We’re Living On Borrowed Time

It’s quite simple really. I used to cry at every birthday. I’m 24 years old now and even though I don’t cry on my special day anymore, I still get very sad. I get upset at my friends’ and family’s birthdays too.

My mum was the one to point out this weird 'habit'. She also told me this started and continued without fail since I was 7. I’m not 100% sure it’s linked to my third culture kid side, but I strongly believe there is some sort of connection. 

When we moved to Singapore, I was seven years old and went to the French international school there during our first four years in Asia. Birthday parties were a big part of our childhood rituals. When it came to your birthday; you had to carefully consider who to invite. Then those invited had to find the best gift. The parents had to ensure the birthday party was the best celebration possible and make sure all guests got a little surprise packet. It was some sort of unspoken competition when we were kids, and even perhaps between parents—who could throw the most impressive birthday do? 

It’s ridiculous now that I think about it. But we, as 7 and 8-year-olds, would talk about the next birthday party for days (if it was going to be that good). Depending on who’s it was, you’d want to make sure you were invited. I didn’t really like going to those birthday parties. Standing at the back of the room, watching their temporary happiness. I wasn’t an unhappy kid, but I have to admit this made me sad.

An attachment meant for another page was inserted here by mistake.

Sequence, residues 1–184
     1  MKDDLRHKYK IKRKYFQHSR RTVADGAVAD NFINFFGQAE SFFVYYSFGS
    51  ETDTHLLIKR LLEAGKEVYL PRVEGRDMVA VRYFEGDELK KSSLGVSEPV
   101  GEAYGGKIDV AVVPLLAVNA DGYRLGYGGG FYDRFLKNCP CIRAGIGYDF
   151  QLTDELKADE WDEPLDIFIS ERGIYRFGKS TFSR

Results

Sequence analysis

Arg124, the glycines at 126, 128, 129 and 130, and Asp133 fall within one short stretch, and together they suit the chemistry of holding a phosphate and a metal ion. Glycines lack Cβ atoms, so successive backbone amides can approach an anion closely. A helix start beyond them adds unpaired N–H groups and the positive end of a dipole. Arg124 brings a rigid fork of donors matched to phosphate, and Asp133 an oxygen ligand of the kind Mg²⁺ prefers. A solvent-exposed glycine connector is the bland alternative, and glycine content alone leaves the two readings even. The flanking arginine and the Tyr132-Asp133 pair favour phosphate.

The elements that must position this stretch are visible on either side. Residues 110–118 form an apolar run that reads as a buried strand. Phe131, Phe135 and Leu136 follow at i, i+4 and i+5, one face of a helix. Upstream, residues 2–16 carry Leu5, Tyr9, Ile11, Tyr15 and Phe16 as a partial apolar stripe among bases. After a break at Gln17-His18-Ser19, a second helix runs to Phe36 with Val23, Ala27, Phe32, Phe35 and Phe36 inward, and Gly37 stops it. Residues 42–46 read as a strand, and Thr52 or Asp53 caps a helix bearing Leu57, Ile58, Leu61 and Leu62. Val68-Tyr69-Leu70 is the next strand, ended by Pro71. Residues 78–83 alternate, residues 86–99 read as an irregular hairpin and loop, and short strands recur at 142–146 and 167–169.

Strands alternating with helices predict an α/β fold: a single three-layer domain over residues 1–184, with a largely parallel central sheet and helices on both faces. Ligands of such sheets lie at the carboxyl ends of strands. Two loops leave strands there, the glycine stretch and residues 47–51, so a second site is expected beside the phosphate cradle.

You see, every year, one or a few of our classmates would leave. They would leave for another country or another international school. We knew this marked ‘the end’. We knew we would barely keep in touch. The person is a part of our day to day and as soon as they step out of it, no matter what we said, it was truly over. (It’s always like this, isn’t it?)

Those birthday celebrations were borrowed time from what was coming. Seeing the birthday boy or girl so happy, feeling so fulfilled, you couldn’t help but know it was temporary. Perhaps the year after, that very same birthday boy or girl would be in a new country, with new friends, doing it all over again.

I’ve always had this vision of birthdays. What’s the point of celebrating an important day with new people every year? At least, that’s how I see it and that’s how I’ve always seen it. I get upset at every birthday because of the fear of living on borrowed time.

When it comes to my own birthday, I’ve spent many in a new place, with new people, with or without family. I’ve come to see it as a normal day, and force myself to keep expectations low to avoid disappointment. Recently, thanks to an amazing person in my life who went out of his way to make my birthday extra special, I’ve felt much better. I guess it was the only birthday where I gave in to that warm and fuzzy feeling and avoided thinking about the temporary nature of things.

And so, I leave you with this poem:

And in the end
the most important piece of advice
that my past has given me

Is to enjoy life
while you’re living it
you can never know
which moments will be the ones
that you’ll remember
and when happiness will hit you

So be open for anything
at any time
do not fret over the past
but learn from it
and make new memories
every day

For there is only one life
and one chance.

A.P

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